Love is… (Part 1)

One young boy had this to say about love: “It gives me a headache to think about that stuff. I’m just a kid.  I don’t need that kind of trouble.” Regina thoughtfully said, “I’m not rushing into love.  I’m finding fourth grade hard enough.” Manuel summed it all up when he said, “I think you’re supposed to get shot with an arrow or something, but the rest of it isn’t supposed to be painful.”

We can add a lot of descriptions when we try to define what love is, but if we are going to get a handle on God’s design and our desire for love, we need to hear how He describes life-giving love. The “love chapter” in 1 Corinthians is one of those places where God helps us understand what love looks like. 

“Love suffers long and is kind; love does not envy; love does not parade itself, is not puffed up.” (1 Corinthians 13:4, NKJV)

As we read God’s description of love through the pen of Paul, one thing becomes clear. Life-giving love puts others before self.

1. Love extends mercy to those who don’t meet our expectations.

Paul tells us that love is “patient” (makrothumei). Suppose a pet continues to chew on your favorite piece of furniture. Instead of getting rid of the pet, you try to find other remedies. That’s patience. Patience means that we seek the best for those who don’t meet our expectations. Life-giving love extends mercy to those who don’t meet our expectations.

2. Love makes helping others graciously and generously a priority, regardless how they treat us.

“Kind” (chrēsteuetai) is a picture of God’s grace toward those who call upon Him in distress. It describes God’s attitude toward sinners through Christ. Love seeks to show grace toward others, even though they stand at enmity toward us. It means that we seek to bless them with the blessings of Christ’s touch through our personal conduct.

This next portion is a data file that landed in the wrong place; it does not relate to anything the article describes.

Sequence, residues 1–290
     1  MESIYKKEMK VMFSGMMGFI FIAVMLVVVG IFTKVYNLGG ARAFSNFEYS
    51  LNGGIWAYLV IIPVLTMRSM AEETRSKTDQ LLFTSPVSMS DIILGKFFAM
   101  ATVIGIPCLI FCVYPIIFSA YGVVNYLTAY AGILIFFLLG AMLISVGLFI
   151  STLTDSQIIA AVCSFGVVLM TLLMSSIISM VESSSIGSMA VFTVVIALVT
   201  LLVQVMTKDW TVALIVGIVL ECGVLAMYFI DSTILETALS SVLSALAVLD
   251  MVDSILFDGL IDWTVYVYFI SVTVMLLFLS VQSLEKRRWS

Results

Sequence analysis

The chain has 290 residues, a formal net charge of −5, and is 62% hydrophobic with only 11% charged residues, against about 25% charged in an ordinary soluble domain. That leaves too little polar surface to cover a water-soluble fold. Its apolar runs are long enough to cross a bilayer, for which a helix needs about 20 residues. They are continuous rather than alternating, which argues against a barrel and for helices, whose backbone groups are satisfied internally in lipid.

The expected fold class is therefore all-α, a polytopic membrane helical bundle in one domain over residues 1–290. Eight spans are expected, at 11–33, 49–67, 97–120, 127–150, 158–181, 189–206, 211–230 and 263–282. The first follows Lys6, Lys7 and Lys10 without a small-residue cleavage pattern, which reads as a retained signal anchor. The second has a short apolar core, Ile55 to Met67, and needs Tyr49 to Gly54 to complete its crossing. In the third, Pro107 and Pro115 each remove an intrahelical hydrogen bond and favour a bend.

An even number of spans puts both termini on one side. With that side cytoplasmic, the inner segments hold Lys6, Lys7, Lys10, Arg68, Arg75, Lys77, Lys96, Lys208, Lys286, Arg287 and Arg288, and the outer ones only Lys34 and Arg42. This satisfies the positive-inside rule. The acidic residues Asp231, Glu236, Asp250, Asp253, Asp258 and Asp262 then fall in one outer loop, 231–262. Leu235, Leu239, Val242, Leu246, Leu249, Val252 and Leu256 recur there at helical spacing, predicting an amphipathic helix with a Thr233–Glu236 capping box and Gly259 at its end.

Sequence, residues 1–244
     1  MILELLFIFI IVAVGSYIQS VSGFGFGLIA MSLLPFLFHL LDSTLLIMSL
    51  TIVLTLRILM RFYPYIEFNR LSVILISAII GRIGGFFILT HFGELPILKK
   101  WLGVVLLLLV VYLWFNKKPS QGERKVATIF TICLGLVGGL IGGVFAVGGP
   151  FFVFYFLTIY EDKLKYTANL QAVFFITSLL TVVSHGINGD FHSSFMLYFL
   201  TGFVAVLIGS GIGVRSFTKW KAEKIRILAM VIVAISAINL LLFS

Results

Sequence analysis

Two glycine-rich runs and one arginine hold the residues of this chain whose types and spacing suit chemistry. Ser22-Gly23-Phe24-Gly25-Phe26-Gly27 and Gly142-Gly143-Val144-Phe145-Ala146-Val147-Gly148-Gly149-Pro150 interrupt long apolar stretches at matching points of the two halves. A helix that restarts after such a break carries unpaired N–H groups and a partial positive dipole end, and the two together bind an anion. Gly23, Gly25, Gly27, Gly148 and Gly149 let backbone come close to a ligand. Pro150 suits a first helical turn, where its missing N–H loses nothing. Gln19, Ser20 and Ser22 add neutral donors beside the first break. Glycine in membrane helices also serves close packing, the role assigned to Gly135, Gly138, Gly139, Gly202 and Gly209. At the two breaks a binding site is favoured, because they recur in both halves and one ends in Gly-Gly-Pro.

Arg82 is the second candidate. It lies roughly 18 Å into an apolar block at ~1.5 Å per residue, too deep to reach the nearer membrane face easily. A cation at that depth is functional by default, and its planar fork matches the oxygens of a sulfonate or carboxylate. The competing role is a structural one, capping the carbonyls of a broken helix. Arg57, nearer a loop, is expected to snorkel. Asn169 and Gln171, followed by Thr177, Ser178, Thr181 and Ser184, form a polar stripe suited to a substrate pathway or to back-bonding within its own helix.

3. Love does not chase personal desires at the expense of others.

The picture of “envy” (zēloi) describes a person who is so intent for themselves that they step on others to get it. This is the person who loves to promote themselves at every turn. Their supreme ambition is their own glory. Life-giving love is different. It demands that we stop looking to get more for ourselves and examine how that we might bless others.

4. Love prioritizes building up others, not oneself.

When Paul used “boasting” (perpereuetai), he was painting a picture of a one-man band marching down the street, hoping that all eyes fell on him. That’s not what love for others looks like. Life-giving love is more concerned about “others” than “self.”

5. Love prioritizes what’s best for others rather than only thinking about self.

“Arrogant” (phusioutai) is the picture of being puffed up like a “blow-fish.” Love focuses on what is best for others rather than what is best for “me.” When pride is a dominating ethic in our lives, then we know that God’s love is not. In a world of narcissistic Christianity, we would do well to hear God’s mandate of love for us.

How can we love like that?

Stop. Take a breath. And pray:

“Father, nourish my soul today with Your love so that I can love others the way that You have loved me.”


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